GRADISHTE: Just over halfway from Ohrid city to the border with Albania at Sveti Naum is the stunning national park promontory of Gradishte, where a caravan park is currently located. Here, next to waters known for their exceptional clarity even by Lake Ohrid standards, a 16,000-square-meter development is under consideration, within which will manifest a 4,000 square-meter hotel and 75 buildings with 4 apartments each. Swimming pools, artificially manufactured “Mediterranean horticulture”, and 935m of paved roads are all in the package. Evidently, the translucent waters of Lake Ohrid and authentic life-filled habitats of Mount Galichica are not good enough for some people.
LIKELIHOOD: 3/5 Death of the Galichica ski-resort has delayed this specific plan, perhaps terminally, but nature has transformed the Gradishte area into a prime location, so the chance of developers returning to rob its treasures is high.
PESHTANI: Another sleepy national park village, another 30,000 square meters of new-build car-parking for nearly 1,000 vehicles, express road connection, hotel cluster, retail bonanza, ski-gondola, spa, conference facilities and low density accommodation that will therefore occupy far more space than necessary. Unbelievably, the development will also contain a manufactured “retreat space”. Isn’t that a key purpose of an undisturbed national park?
LIKELIHOOD: 2/5 Many of the Peshtani plans were contingent on the now-cancelled ski-resort and the UNESCO-kiboshed express road so they have been forced to take a step back. Sanity returns.
HIGHWAY A2: As if to highlight the senselessness of the express road in National Park Galichica on the east of Lake Ohrid, there is already a faster road connecting with Albania on the west. What is more, the intention is to make it even quicker with construction of the A2 highway. The A2 envisages passing through habitats of less ecological importance than the express road, but has nonetheless been identified by UNESCO’s Reactive Monitoring Mission report as requiring improved measures for both people and animals to cross. The same report suggests upgrades to the existing road rather than establishing a new route between the city of Struga and Albania. We hope we’re not the only ones reading it.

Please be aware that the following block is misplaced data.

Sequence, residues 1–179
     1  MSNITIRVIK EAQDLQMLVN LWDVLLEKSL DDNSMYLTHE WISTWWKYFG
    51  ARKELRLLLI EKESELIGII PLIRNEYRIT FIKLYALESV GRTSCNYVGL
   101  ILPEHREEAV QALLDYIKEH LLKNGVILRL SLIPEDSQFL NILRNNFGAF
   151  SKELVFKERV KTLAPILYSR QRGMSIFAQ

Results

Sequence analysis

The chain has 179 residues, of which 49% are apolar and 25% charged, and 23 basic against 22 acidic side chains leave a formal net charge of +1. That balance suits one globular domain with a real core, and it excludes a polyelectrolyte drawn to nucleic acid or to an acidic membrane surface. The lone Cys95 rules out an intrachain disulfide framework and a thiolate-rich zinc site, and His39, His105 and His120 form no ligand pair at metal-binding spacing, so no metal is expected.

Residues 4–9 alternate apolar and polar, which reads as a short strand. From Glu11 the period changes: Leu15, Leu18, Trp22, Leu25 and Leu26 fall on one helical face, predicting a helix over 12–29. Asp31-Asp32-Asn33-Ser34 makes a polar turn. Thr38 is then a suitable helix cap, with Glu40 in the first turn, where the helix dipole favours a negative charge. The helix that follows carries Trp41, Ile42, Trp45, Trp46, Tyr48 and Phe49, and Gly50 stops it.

LIKELIHOOD: 4/5 Some aspects of the A2 plan lack funding at the present moment, but backing for the highway runs all the way to the European Union. The Republic of Macedonia is stubbornly refusing UNESCO’s request for it to upgrade nature crossings and provide full heritage impact assessments.
EUROPEAN CORRIDOR VIII: As you should have figured by now, enough is never enough with Ohrid region construction plans. Packaged with the A2 highway on the western side comes the Corridor VIII railway, bringing risks of pollution run-offs during both construction and operation, not least since, in places, it will run right next to the Lake Ohrid shore and carry heavy freight. So far, no cumulative assessment has been made to gauge either the dual impact of the A2 road and railway together or in combination with the multitude of other plans we have seen. Current assessments for both projects do not even cover their full length, instead focusing on just an 8-kilometer stretch. At present, UNESCO considers that they may represent a case for inscription of the Ohrid region on the List of World Heritage in Danger.
LIKELIHOOD: 4/5 Again, pressure for this comes from the European Union, which wants to link the Black and Adriatic Seas. The level of opposition will depend on complete environmental assessments, for which UNESCO is pushing hard. Indeed, failure to complete them and consider other routes for the railway has formed part of the logic for the World Heritage Centre to recommend the Ohrid region to be placed on the List of World Heritage in Danger.